Israel, Middle East, Warmonger

The Harvesting of Palestine. The Zionist Project Prevails?

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A picture taken on July 4, 2018 from the Israeli-annexed Syrian Golan Heights shows displaced Syrians from the province of Daraa staging a protest (top L) calling for international protection, in the Syrian the village of al-Rafid, near the border fence with Israel. / AFP PHOTO / JALAA MAREY

With the recent failed bid by Palestinian President Mahmoud Abbas and the Arab League at the UN security council, to try and end Israelis’ occupation of Palestinian land and to create a Palestinian State within the 1967 borders, it seems an appropriate moment to review the situation for Palestinians since 1915.

What is the background to the demonization and brutalization of Palestinians? Most of all, why is the international community was assisting properly and why has it not assisted the Palestinians in protecting or restoring their inalienable rights over decades? Why is their situation so brutally upside-down almost a century after they were supposed to be independent and determining their own state affairs?

Some of my previous historical work and publications have explored aspects of the Weimar Republic, Hitler’s Germany and the Nazis’ prison and camp system from 1933 onwards, and also the Holocaust in some depth. Palestine and the Palestinians had absolutely nothing to do with the Holocaust; yet, the Israelis have been, and are treating them as if they had, and are using certain Nazi methods against them, including ghettoization in bantustans, random collective punishment and brutalization (such as “breaking the bones” strategy introduced by Yitzak Rabin in 1987), arbitrary detention without trial or charge, also against children. And of course, targeted assassinations and massacres. Why?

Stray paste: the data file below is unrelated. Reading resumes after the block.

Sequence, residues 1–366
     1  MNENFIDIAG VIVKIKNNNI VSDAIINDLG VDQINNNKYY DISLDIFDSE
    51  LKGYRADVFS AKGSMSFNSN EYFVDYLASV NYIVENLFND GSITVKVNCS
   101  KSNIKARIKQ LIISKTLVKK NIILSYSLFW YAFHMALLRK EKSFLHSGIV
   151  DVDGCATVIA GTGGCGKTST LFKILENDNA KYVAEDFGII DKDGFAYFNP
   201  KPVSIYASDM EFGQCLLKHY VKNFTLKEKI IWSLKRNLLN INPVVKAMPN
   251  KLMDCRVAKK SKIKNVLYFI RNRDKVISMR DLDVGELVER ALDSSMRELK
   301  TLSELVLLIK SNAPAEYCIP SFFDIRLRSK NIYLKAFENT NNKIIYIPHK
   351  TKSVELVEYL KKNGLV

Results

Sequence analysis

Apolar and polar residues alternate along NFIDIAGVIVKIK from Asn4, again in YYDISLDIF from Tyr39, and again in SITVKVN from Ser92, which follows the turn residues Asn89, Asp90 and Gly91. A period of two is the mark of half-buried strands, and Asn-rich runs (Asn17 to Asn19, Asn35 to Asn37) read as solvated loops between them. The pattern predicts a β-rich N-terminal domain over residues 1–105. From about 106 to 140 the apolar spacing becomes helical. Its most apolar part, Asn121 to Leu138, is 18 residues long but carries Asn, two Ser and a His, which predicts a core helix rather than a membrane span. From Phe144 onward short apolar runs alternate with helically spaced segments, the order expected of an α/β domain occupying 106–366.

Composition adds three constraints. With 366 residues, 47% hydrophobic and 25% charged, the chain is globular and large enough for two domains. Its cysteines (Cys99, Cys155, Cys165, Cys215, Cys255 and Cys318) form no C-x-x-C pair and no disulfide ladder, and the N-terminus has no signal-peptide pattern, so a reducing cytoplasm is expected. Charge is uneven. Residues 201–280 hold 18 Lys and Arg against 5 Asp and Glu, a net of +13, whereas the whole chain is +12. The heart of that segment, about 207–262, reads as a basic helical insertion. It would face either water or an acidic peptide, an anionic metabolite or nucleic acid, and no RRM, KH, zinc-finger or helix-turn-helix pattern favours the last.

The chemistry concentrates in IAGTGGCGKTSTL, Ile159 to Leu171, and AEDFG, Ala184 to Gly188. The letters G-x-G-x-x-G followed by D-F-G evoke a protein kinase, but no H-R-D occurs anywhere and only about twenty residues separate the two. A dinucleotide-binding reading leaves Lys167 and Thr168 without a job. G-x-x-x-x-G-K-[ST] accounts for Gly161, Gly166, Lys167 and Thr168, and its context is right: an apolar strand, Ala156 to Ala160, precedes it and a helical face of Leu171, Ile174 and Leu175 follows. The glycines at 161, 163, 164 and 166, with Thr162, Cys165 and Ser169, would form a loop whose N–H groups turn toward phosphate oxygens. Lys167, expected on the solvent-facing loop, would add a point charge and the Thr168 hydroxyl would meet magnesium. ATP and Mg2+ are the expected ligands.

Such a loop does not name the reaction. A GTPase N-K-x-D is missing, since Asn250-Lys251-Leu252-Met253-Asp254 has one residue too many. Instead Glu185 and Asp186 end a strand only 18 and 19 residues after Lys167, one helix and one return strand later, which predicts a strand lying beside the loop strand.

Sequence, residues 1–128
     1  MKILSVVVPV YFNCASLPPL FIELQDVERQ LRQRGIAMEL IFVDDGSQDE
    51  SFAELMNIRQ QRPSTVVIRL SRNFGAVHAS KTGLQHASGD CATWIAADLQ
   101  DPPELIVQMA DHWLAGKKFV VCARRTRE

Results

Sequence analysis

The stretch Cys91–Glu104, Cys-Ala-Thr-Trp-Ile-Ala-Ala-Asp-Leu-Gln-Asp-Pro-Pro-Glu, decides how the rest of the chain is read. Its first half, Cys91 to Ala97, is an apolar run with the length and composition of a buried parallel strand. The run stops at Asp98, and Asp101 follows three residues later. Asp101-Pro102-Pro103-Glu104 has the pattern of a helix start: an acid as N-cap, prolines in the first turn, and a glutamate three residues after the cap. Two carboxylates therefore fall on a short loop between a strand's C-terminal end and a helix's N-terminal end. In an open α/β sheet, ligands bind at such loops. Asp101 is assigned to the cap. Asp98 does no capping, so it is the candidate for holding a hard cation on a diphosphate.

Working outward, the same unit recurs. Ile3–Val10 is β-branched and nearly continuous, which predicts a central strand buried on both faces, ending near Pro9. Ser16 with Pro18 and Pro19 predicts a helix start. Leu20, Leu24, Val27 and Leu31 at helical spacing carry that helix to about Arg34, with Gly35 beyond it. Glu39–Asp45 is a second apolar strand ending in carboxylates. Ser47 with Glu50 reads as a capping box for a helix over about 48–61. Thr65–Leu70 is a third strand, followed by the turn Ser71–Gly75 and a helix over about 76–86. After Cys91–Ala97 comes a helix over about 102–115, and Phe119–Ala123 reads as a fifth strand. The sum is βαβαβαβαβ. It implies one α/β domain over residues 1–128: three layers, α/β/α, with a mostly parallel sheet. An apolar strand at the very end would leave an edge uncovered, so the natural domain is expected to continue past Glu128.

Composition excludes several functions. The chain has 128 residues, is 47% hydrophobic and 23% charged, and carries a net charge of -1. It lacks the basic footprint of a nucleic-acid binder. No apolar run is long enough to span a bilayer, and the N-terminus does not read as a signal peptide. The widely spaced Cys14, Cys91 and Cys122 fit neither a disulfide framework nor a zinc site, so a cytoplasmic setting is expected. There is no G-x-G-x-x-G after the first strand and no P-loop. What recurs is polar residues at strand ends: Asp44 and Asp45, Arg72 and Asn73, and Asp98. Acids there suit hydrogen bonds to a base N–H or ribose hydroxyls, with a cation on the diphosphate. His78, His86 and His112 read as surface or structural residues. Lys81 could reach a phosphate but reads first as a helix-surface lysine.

What are the key impulses, decision-making policies and legislation which have led to the destructive and poisonous harvesting of Palestine, and which has led to the appalling conditions for the indigenous population of today; to its brutally contained dots of existence? Of particular significance, is a reassessment of decisions and events leading to the “Balfour-Rothschild Letter” of 2 November 1917. This so-called agreement is not what the public at large have been led to believe.

Theodor Herzl, founder of Zionism, and whose portrait I was proudly shown in the Tel Aviv home of a well-known Israeli TV personality in February 2002, is the starting point for my recent publication ‘The Harvesting of Palestine’. In 2002, I had not concerned myself with Zionism or with the role of Theodor Herzl and his idea of the “restoration of the Jewish State” published in 1896. At the time of Herzl’s idea there were about 30,000 Jews in Palestine, and his idea, promoted early on by Chaim Weizmann (first President of the State of Israelis in 1948), completely ignored the 500,000 or so Palestinians whose forefathers had been living there for centuries. Herzl and Zionism continue to frame (directly or indirectly) current events in the Middle East and especially in Palestine.

The “Balfour-Rothschild Letter” is extremely unreliable and does not reflect minimum statutory requirements, let alone those of international law, no matter how many ‘legal public cloaks’ surround and adorn it. Yet it has continued to be referred to over the decades as if it does and as if it were a ‘fait accompli’, a “commitment”, albeit a very contradictory one (even as late as 1979 in a comprehensive United Nations’ study of Palestine in its historical perspective (Part II, p.1).

This has deliberately distracted from the illegitimate and deceptive essence of “Balfour’s” conception, birth and being. Furthermore, the letter of 2 November 1917, produced after the conception (and which came to be referred to as the “Balfour Declaration”), was no legally-binding “Declaration” but rather a “declaration of sympathy” with “the establishment in Palestine of a national home for the Jewish people”; and His Majesty’s Government “view(ed) with favour” such a development, but it did not go so far as to use the word “support” or to suggest a “reconstitution